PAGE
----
The very idea of novel ecosystems has been controversial in ecology. Critics have complained about its imprecision, and that it illicitly smuggles problematic ethical and political values into the science. By labelling a human-modified system a ‘novel ecosystem,‘ they worry, we give policymakers a “license to trash nature.“ The critics are right to be suspicious. I show that proponents of the novel ecosystem concept have been unable to make it both value-free and precise enough to allow for applied use.
Also, the critics are right to be suspicious, because a goal for many proponents of novel ecosystems is to bring new values into applied ecology. But the critics are wrong that this is illicit. I defend a value-laden conception of novel ecosystems, showing that applied ecologists are comfortable with other value-laden concepts (e.g. invasive species), and that the value shift motivating discussion of novel ecosystems is necessary if we want to understand and protect nature in a changing world.
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I use small caps to indicate mention of a concept and inverted commas to indicate mention of a word or phrase.
e.g. Aren’t all ecosystems novel ecosystems under the original definition? (Marris et al. 2013)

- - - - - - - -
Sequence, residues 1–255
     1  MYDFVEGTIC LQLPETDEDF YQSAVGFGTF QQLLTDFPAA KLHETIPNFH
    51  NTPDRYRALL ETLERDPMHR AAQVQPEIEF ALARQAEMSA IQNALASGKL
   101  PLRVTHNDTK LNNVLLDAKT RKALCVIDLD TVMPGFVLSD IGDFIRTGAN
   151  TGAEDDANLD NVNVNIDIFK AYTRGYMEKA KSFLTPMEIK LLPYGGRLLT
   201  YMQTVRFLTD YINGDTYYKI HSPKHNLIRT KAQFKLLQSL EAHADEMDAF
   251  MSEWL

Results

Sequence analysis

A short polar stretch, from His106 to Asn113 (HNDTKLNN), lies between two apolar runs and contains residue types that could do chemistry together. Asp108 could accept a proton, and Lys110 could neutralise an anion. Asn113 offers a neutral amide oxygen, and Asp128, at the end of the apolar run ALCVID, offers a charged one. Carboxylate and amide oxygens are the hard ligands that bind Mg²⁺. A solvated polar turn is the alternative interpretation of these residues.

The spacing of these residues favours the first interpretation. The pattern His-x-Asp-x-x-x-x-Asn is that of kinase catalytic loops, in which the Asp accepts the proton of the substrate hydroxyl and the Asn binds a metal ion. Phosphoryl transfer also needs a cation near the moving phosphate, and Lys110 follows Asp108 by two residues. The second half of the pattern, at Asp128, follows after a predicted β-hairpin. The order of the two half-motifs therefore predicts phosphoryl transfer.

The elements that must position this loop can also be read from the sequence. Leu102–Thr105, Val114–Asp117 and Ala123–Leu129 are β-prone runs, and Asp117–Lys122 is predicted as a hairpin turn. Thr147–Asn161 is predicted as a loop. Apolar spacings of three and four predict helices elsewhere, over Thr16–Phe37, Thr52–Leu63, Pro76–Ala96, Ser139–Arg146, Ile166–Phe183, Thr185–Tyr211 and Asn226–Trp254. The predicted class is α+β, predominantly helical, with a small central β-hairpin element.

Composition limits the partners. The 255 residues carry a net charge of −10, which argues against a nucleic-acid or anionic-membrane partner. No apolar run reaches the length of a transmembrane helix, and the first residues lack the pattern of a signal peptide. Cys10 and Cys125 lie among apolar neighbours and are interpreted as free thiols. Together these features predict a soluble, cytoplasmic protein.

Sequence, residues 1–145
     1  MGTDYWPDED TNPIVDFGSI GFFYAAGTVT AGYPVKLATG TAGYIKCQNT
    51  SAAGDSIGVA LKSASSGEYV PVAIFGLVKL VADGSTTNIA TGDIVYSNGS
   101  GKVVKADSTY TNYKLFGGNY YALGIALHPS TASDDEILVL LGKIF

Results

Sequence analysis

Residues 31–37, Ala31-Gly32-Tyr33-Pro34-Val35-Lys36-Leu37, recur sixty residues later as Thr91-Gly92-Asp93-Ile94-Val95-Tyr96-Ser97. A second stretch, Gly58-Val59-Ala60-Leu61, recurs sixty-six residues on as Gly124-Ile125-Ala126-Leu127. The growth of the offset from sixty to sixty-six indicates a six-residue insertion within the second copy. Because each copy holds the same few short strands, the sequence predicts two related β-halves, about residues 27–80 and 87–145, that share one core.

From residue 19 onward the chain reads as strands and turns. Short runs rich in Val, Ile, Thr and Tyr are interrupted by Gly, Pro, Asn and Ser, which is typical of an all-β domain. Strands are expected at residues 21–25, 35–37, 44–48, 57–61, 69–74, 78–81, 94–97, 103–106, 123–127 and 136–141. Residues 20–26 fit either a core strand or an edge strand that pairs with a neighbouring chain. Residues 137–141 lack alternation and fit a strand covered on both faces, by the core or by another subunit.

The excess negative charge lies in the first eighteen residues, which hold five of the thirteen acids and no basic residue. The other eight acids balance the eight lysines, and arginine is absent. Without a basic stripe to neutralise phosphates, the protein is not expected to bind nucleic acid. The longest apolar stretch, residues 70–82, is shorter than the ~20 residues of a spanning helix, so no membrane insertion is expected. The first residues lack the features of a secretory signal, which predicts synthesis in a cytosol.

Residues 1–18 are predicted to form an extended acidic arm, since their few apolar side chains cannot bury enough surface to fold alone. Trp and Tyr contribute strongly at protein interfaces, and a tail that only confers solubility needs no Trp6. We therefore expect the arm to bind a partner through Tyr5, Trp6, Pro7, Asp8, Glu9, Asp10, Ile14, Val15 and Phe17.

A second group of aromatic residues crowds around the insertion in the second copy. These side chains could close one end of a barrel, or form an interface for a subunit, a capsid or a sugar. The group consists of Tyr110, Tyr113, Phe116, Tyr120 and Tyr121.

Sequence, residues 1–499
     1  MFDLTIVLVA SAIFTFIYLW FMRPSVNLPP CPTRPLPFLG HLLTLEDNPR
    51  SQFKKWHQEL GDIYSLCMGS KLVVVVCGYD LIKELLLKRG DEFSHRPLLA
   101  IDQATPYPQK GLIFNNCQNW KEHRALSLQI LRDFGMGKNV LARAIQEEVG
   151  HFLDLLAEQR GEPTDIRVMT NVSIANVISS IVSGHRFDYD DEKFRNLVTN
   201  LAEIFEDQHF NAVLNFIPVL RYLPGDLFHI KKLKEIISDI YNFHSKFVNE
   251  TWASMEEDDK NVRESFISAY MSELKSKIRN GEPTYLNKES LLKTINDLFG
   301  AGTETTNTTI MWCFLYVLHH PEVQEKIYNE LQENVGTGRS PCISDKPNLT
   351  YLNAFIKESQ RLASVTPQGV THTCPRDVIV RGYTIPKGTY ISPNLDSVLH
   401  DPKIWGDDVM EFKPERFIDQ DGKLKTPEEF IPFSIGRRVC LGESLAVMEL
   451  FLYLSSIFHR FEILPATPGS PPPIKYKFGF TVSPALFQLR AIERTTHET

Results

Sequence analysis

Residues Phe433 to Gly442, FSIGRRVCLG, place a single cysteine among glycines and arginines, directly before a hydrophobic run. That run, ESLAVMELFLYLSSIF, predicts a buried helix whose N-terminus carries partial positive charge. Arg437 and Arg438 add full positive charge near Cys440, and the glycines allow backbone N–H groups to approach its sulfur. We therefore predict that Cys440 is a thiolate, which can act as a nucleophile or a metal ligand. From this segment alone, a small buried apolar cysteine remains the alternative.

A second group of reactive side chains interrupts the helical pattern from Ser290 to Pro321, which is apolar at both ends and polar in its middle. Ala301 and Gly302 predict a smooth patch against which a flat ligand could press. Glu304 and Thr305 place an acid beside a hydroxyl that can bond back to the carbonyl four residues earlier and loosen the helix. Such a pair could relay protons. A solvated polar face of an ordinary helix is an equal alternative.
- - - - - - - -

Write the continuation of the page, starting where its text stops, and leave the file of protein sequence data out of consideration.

https://wildlife.utah.gov//sage-grouse/Utah_Greater_Sage-grouse_Plan.pdf (accessed July 2021).
https://www.fws.gov/sagebrush/threats-to-wildlife/conifer-encroachment/ (accessed July 2021).
http://www.pinyonjuniperforests.org/the-issues/ (accessed July 2021).
https://suwa.org/chaining-and-vegetation-removal/ (accessed July 2021).
https://www.fws.gov/sagebrush/wildlife/ (July 2021).
The environmentalists are on the right side of the issue, but that’s not my present point.
This is my term. There doesn’t yet seem to be an established term for the production of ecological novelty.
https://www.nps.gov/isro/learn/nature/wolves.htm. (Accessed July 2021)
Though they never would have been allowed to remain prior to designation as a protected area, reinforcing the lack of distinction between regeneration and restoration.
or lynx: Licht et al. (2017)
Clearly, there isn’t a single definition of invasiveness that will work across all contexts (see Heger et al. 2013), and some might be value-free. But all I need for the parallel with novelty to work is that many of those definitions are value-laden.
As a referee points out, you should agree even if you care mostly about “wild” ecosystems, because ecosystems are interconnected, and novel ecosystems exchange biota and resources with other ecosystems of conservation concern. So to understand and protect those other ecosystems, we need to understand novel ecosystems.
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Santana, C.G. The value of and in novel ecosystem(s). Biol Philos 37, 6 (2022). https://doi.org/10.1007/s10539-022-09833-6